As for the rest, workmen expect tea regardless of the gender of whoever's making it. It's a strange entitlement, but one which is easier to just get on with. Electricians can pick and choose who they work for and can just walk off the job if they want to, it happens all the time.

You have 2 choices really.

readysteady Fri 05-Apr-13 11:18:19

When they come in show them the kettle straight away and say help yourself. That's what I do.

StephaniePowers Fri 05-Apr-13 11:25:42

Men do get this attitude too. It's less common with this type of workman but it does happen. They are just mild bullies, probably in other areas of their lives too. It's cultural.

I have a friend whose husband is a roofer. We desperately need our roof looking at but I cannot get him involved, even though it would be great to have it done by a pal. In seven years of knowing her, our children playing together etc, seeing him at drop-offs and pick-ups, he has never done more than grunt at me. No eye-contact ever. He is 'that sort' of workman, part of that culture, and he does it to everyone except a few trusted mates.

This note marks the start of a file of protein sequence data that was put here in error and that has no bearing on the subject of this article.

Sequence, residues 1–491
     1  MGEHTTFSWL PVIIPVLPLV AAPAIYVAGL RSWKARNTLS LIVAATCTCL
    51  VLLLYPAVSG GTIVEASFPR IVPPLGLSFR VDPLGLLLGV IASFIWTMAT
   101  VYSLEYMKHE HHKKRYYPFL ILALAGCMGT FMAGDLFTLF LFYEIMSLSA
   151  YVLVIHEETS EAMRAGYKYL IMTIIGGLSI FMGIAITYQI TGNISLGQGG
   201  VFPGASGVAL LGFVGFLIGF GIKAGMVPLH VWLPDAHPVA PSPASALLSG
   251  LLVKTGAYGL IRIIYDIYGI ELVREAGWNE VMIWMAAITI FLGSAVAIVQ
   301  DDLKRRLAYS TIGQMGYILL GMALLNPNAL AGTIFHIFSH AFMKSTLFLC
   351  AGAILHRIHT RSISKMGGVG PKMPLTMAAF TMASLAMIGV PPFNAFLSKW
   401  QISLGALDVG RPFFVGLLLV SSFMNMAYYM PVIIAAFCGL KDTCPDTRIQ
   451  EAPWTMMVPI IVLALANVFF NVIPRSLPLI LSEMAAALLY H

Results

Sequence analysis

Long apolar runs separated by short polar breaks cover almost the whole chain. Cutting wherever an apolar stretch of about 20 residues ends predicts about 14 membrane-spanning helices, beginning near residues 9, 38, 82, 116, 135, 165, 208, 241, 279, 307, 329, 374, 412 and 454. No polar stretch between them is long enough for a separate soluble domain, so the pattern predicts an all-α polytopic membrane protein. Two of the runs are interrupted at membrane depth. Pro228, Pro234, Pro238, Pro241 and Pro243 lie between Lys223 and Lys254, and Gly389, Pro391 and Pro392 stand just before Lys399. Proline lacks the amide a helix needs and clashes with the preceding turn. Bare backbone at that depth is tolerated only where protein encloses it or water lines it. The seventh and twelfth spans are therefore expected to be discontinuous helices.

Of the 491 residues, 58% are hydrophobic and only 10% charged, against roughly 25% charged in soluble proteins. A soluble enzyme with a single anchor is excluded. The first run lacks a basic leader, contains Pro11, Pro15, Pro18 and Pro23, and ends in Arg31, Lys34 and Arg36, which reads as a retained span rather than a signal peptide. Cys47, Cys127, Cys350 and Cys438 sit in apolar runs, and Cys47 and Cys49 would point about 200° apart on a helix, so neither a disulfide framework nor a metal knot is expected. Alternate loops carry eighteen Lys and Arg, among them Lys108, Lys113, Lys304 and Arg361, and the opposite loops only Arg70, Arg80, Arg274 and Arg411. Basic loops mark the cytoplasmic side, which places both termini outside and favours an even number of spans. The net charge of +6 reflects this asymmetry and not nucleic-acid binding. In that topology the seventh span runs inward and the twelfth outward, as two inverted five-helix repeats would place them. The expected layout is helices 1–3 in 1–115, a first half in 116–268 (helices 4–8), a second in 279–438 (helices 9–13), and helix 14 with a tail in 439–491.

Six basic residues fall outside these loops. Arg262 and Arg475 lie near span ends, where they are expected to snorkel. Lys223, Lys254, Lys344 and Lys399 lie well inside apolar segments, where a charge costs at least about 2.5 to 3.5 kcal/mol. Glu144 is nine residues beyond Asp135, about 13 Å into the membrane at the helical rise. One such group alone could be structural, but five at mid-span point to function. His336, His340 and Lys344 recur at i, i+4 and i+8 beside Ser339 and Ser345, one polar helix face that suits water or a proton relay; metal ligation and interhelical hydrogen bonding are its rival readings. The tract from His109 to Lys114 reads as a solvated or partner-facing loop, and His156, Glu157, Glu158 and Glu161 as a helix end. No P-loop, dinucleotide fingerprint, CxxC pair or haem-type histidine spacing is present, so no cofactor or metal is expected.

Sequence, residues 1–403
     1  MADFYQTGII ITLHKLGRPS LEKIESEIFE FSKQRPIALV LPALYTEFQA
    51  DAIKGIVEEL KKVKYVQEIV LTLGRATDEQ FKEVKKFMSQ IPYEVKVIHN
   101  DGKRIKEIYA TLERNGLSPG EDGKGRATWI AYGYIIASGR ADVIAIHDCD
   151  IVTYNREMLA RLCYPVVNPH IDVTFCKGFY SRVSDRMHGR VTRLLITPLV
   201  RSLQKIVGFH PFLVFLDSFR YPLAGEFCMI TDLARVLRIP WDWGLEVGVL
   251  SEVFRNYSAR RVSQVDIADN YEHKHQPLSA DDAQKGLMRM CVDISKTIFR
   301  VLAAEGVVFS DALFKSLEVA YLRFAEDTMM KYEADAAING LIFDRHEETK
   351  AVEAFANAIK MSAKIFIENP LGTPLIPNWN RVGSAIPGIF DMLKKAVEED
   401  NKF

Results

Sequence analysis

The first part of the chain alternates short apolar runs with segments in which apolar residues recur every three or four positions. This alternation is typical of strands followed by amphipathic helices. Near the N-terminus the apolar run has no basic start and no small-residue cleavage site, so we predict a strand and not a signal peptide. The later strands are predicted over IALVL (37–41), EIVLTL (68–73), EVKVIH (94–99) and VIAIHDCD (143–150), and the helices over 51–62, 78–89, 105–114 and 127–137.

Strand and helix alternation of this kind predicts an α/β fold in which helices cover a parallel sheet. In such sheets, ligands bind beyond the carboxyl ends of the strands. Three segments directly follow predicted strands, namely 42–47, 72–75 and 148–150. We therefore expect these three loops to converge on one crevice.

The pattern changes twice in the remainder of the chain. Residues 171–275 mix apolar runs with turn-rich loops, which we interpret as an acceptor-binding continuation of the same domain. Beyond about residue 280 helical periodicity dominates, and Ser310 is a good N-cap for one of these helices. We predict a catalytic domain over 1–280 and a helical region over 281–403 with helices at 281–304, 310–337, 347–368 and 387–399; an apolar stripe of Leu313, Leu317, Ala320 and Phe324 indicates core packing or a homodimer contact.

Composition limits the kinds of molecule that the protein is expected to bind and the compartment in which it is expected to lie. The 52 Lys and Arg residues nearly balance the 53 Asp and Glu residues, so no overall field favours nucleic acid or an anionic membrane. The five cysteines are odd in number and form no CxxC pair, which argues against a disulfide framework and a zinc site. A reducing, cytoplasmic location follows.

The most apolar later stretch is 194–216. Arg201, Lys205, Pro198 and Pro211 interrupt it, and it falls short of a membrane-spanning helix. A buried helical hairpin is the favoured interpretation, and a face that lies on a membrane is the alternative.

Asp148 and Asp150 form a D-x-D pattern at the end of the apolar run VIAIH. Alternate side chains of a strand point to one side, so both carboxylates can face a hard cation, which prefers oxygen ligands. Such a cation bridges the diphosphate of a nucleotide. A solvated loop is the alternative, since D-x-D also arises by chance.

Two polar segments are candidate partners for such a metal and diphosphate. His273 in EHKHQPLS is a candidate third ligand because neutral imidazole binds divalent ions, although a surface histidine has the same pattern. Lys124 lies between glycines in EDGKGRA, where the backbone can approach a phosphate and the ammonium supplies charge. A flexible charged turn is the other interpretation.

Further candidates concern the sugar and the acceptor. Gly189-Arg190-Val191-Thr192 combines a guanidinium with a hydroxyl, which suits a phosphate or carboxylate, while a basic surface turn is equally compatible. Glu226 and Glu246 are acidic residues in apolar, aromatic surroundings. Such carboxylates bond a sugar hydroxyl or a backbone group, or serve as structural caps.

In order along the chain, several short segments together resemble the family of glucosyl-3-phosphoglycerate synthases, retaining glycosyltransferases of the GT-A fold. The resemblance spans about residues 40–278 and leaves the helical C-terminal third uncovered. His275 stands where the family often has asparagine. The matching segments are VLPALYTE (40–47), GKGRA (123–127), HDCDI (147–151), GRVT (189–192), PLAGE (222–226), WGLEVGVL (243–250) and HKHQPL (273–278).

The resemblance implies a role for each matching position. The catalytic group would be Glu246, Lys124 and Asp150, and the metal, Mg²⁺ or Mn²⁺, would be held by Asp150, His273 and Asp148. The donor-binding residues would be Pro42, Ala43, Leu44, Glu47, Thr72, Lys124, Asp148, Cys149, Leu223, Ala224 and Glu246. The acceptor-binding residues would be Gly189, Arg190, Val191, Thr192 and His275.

KoPo Fri 05-Apr-13 11:42:21

I had to laugh on this thread. The electrician we use is named Fiona and is probably the only tradesperson that DH and myself will entertain leaving in the house alone.

That is probably not helpful to this thread but i did have to laugh at the thought of Fiona being a bolshy tradesperson.

I all seriousness I have very little tolerance for anyone who tries to order me about in my own home. And I would be another one who would just fire and replace as that sends a very clear message.

NotForTurning Fri 05-Apr-13 11:47:10

OK. I was just re-writing a version of a recent scenario, having changed genders around in the writing, as I find it intriguing how this 'device' is a bit of an eye-opener and stimulates further thought.